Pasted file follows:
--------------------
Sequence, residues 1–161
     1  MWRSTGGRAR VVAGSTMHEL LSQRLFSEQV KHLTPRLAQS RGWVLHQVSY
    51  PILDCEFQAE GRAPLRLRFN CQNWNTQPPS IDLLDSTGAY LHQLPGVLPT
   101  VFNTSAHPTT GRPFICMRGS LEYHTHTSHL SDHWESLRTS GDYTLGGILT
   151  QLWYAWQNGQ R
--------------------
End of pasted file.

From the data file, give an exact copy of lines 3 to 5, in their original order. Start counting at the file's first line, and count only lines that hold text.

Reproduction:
    51  PILDCEFQAE GRAPLRLRFN CQNWNTQPPS IDLLDSTGAY LHQLPGVLPT
   101  VFNTSAHPTT GRPFICMRGS LEYHTHTSHL SDHWESLRTS GDYTLGGILT
   151  QLWYAWQNGQ R